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The “Science and Technology Options Assessment” (STOA) Committee of the European Parliament, responsible for science and technology impact assessment, addressed on June 28, 2022, the question of how an evidence-based action plan could be developed for ending the use of animals for research and testing. Peter Loskill was invited to the European Parliament in Brussels to provide his scientific assessment on the replacement of animal experiments in research.

Organ-on-Chip expert, Peter Loskill, unequivocally answered whether the use of experimental animals in biomedical research can be ended with a yes, albeit not in the near future, with a focus on human biology research. In his argumentation, he particularly pointed out the limitations of animal models, especially regarding the transferability of results to humans. He emphasized that although an abrupt ban on animal experiments would currently pose a drastic obstacle to biomedical research, the technologies to reduce and replace them are already available. This is evident, especially in the pharmaceutical industry, which, unlike academic research, is driven by economic constraints regarding the transferability of results to humans and where a decrease in the use of animal models can be observed. Among the problems in academic research, Peter Loskill particularly highlighted the entrenched use of experimental animals and the associated rigid habits and dogmas.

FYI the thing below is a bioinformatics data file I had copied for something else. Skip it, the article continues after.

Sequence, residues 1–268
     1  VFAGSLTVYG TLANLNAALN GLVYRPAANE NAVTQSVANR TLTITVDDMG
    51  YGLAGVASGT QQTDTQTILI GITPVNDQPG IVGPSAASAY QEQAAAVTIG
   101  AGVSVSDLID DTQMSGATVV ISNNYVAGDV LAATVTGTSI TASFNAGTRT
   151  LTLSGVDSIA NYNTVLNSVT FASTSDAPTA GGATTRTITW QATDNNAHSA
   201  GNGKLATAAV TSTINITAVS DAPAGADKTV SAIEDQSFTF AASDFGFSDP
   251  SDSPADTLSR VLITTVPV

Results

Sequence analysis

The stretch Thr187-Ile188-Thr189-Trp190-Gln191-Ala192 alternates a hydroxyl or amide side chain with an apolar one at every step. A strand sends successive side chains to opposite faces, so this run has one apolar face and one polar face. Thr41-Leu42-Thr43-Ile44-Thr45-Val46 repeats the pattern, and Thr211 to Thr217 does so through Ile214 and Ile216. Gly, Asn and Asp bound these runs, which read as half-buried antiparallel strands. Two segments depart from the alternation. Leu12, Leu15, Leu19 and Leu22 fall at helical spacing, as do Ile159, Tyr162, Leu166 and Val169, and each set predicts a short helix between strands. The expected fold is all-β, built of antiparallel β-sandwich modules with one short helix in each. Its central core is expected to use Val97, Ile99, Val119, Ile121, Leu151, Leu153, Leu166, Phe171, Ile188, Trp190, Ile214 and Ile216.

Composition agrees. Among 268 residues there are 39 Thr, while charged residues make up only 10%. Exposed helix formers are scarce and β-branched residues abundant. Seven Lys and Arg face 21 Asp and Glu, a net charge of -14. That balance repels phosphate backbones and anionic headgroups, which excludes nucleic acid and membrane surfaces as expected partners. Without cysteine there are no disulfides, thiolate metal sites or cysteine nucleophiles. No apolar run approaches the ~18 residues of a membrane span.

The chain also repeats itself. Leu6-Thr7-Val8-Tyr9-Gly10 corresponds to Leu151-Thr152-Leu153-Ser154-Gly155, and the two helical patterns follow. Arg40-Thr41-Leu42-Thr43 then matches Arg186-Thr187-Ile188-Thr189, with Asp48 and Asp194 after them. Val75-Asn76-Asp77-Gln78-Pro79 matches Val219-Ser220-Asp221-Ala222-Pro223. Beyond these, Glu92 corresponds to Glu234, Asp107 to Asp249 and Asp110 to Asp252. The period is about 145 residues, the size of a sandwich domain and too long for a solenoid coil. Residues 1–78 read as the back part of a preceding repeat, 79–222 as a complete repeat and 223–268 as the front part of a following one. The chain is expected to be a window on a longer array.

To work towards a consistent replacement of animal experiments, it is necessary to move discussions away from extremes (“All animal experiments currently conducted are necessary” vs. “Immediate ban on all animal experiments”) and take measures to promote the development, implementation, and use, as well as the regulatory acceptance of alternative models. It is essential to provide scientists in the fields of biomedicine, pharmacy, and toxicology with easy access to alternative models and the necessary know-how. Additionally, the regulatory process for animal studies must be adapted and expanded to centrally involve experts in in vitro and/or in silico models.

Peter Loskill emphasized that these measures are a prerequisite for any type of ban and for contributing to a more human-centered research approach.